A standard business practice for large corporations, succession planning is critical to ensuring an organization’s mission doesn’t falter when a new leader takes over. This process includes multiple steps, from getting board and employee buy-in to drafting a reasonable timeline, to communicating with key stakeholders about the change. As part of this process, it’s also critical to examine what leadership qualities will help the organization achieve its future goals.

The best solution isn’t always what works well in the immediate term. As nonprofits embrace a more business-oriented mindset, for-profit business leaders and private equity investors are increasingly popping up on the boards of nonprofits. Leaders with background in emerging skills like cybersecurity, digital donor communications and regulatory compliance are also in hot demand. Innovation should not be overlooked. Fostering a culture of innovation should be a key goal of succession planning in order to cultivate a team of creative thinkers to champion new ideas and solutions. Take a page from the corporate world and consider appointing a Chief Innovation Officer to integrate a culture of innovation from the top-down.

CFO/FINANCIAL LEADERS
While the CEO and executive director are critical leaders who set the tone and mission of the organization, nonprofits cannot overlook the importance of their financial leadership.
 
94% of millennials want to use their skills to benefit a cause.  – SHRM. 
 
NPE_Business-of-Giving_brochure_2019_Perception-Reality_graphic-x400.jpgThe CFO is so much more than a numbers person. Yes, they are the chief advocate for fiscal management, but they are also a strategic partner who needs a seat at the table to advise on the best financial and operational moves to maximize outcome and ensure sustainability.

Effective nonprofit CFOs help optimize an organization’s activities, strategically interpret financial data and serve as a key partner to presidents, executive directors and boards. A nonprofit CFO can help an organization grow and expand its programming or geographic footprint, or maneuver revenue shortfalls.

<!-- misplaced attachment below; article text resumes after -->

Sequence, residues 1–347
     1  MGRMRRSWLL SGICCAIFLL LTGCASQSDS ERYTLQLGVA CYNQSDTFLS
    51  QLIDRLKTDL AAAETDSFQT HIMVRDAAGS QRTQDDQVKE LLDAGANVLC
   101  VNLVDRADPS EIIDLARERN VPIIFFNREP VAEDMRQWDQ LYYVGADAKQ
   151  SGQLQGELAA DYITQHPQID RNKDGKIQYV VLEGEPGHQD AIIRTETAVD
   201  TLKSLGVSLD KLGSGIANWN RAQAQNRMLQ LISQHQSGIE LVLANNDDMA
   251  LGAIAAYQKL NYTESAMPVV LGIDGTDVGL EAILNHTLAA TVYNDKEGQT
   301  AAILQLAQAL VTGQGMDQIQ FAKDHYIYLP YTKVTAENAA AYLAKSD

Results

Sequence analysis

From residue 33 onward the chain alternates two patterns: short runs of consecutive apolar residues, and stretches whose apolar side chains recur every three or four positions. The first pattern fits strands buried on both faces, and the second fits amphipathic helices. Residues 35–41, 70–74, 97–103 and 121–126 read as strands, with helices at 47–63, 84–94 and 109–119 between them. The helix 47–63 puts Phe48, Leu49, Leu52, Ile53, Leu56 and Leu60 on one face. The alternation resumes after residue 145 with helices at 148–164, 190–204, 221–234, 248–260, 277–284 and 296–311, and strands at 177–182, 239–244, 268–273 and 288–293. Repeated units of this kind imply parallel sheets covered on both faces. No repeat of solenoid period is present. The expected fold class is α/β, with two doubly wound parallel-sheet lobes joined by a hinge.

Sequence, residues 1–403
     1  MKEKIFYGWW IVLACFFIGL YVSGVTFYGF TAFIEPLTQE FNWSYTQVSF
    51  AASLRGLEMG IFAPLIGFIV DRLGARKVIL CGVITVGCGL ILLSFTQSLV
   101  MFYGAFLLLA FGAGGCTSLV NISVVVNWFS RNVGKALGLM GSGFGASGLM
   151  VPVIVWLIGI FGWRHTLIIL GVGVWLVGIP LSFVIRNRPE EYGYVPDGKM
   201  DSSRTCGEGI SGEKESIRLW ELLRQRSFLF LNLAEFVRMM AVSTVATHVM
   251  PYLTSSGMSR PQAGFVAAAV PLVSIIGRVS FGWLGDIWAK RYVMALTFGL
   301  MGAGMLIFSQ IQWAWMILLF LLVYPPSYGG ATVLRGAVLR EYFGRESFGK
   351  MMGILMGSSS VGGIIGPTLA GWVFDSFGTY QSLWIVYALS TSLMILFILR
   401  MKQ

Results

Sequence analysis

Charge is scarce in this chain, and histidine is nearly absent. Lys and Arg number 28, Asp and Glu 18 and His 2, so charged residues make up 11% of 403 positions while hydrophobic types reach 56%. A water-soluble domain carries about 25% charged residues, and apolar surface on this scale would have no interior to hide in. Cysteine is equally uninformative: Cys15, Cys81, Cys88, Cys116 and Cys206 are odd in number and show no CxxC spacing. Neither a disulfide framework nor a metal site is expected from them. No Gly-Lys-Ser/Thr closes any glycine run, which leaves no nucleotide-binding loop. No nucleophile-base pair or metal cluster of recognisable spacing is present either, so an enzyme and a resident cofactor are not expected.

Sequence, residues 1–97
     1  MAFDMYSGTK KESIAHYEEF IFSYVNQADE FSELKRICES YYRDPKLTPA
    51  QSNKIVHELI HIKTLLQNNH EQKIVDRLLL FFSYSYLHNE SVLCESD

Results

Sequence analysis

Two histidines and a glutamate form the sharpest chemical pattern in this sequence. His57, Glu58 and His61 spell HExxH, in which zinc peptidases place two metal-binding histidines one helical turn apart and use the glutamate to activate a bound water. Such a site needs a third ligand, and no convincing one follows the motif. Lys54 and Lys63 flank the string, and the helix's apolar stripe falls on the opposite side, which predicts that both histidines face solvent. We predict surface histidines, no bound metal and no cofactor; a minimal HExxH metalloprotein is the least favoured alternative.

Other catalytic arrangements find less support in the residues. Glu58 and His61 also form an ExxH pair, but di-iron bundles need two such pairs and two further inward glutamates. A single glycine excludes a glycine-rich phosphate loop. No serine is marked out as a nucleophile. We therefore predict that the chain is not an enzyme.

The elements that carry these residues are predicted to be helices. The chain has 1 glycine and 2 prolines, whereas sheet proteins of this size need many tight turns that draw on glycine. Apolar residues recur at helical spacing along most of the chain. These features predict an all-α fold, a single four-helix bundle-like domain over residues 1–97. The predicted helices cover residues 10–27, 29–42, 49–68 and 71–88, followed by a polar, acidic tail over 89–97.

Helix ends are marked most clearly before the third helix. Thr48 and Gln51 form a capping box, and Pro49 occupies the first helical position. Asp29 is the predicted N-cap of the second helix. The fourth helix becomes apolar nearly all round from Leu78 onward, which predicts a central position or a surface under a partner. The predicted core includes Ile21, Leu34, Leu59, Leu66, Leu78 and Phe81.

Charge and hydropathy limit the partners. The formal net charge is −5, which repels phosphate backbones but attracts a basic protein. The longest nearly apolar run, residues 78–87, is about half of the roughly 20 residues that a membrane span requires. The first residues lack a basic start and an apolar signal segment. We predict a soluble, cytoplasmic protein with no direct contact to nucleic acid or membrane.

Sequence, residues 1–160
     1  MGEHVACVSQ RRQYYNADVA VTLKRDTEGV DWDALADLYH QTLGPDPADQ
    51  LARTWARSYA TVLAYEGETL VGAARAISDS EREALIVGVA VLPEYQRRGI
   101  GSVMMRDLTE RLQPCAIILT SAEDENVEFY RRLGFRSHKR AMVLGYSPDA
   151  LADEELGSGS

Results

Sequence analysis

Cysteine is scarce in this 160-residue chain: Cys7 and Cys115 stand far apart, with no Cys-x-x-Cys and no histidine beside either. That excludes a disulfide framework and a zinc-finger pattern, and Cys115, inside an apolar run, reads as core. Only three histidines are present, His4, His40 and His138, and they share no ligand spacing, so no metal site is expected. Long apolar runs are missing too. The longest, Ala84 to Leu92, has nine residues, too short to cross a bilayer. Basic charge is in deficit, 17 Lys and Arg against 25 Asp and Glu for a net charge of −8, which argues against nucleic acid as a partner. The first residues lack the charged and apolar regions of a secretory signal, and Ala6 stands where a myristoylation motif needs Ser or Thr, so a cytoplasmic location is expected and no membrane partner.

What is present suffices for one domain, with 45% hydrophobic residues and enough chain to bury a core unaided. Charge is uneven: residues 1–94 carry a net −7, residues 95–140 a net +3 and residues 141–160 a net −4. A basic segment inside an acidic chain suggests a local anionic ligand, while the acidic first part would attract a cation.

Our Benchmarking Survey found that the CFO also has a unique vantage point on the organization that the board and broader C-suite should factor in. Nonprofit CFOs were more likely to see maintaining liquidity—a KPI of overall health—as a major challenge. They were also more likely than their colleagues to see regulatory compliance as a high or moderate challenge, suggesting a bigger responsibility for implementation.

Tom Waite, the CFO of the Humane Society of the United States puts it this way, “the biggest change that we will have to undertake in the coming year is more focus on individual programs, more strategic planning and a focus on bigger picture issues.” The CFO should play a huge role in shepherding change and planning for emerging issues.
 


OPERATIONS AND FINANCIAL MANAGEMENT

A laser focus on mission and programmatic spending is no doubt essential to nonprofit success and impact. However, if mission spending is built on inefficient infrastructure, overcommitted operations, or a flimsy financial foundation, failure is certain. Without strategic operational investments, nonprofits risk failing to build up the foundation they need for sustainable success.

Roughly 1 in 5 nonprofits surveyed in Nonprofit Standards report spending between 90 to 99 percent on program-related expenses. Charity rating sites have put additional pressure on organizations to minimize their overhead spending. The unfortunate consequence is that many donors now assume, incorrectly, that low overhead costs are a good measure of a nonprofit’s performance—what is commonly referred to as the “overhead myth.” Low overhead may serve as a nice, short-term talking point for donors, but it’s an unsustainable strategy.

In reality, high programmatic spending could mean the organization is underfunding critical areas necessary for long-term growth—a phenomenon known as the “starvation cycle” that creates an unhealthy environment for the organization. Failing to invest in infrastructure such as new technology, security, employee training, and fundraising capabilities, can be detrimental to organizational growth. Nonprofits must look at their operations with a more critical business mindset to find the appropriate balance between programmatic spending and the investments required for continued growth and stability.